534 (Ankan 1, 12th month): The Yamato court sends a military force to appoint Omi as the governor of Musashi Province, his rival, Wogi was executed by the court. Omi presented four districts of Musashi Province to the court as royal estates.
707 (Keiun 4): Copper was reported to have been found in Musashi province in the region which includes modern day Tokyo.
708 (Keiun 5): The era name was about to be changed to mark the accession of Empress Gemmei; but the choice of Wadō as the new nengō for this new reign became a way to mark the welcome discovery of copper in the
Chichibu District of what is now
Saitama Prefecture. The Japanese word for copper is dō (銅); and since this was indigenous copper, the "wa" (the ancient Chinese term for Japan) could be combined with the "dō" (copper) to create a new composite term—"wadō"—meaning "Japanese copper".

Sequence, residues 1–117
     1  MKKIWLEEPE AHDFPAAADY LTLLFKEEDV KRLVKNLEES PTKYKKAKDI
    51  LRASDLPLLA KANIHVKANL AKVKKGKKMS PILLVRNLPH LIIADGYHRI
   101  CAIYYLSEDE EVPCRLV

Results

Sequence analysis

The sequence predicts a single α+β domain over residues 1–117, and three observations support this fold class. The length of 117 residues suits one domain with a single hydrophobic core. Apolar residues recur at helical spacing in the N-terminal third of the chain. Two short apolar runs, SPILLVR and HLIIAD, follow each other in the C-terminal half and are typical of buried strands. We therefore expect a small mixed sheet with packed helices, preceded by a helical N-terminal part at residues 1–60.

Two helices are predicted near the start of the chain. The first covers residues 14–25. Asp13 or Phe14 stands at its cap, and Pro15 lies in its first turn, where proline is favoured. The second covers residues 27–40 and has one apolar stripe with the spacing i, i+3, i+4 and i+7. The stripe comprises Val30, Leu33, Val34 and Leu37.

May 5, 708 (Wadō 1, 11th day of the 4th month): A sample of the newly discovered Musashi copper was presented in Gemmei's Court where it was formally acknowledged as Japanese copper. The Wadō era is famous for the first Japanese coin (和同開珎, wadokaiho or wadokaichin).
Higashitama District (東多摩郡, Higashi-Tama-gun, "East Tama District") – part of Tokyo since its creation, merged with Minamitoshima District to become
Toyotama District (豊多摩郡) on April 1, 1896, in turn merged into Tokyo City in 1932
Kitatama District (北多摩郡, Kita-Tama-gun, "North Tama District") – was part of Kanagawa in 1878 until being transferred to Tokyo in 1893; North Tama's last
towns became [by definition: district-independent]
cities in 1970
Minamitama District (南多摩郡, Minami-Tama-gun, "South Tama District") – was part of Kanagawa in 1878 until being transferred to Tokyo in 1893; South Tama's last towns were turned into cities in 1971
Nishitama District (西多摩郡, Nishi-Tama-gun, "West Tama District") – was part of Kanagawa in 1878 until being transferred to Tokyo in 1893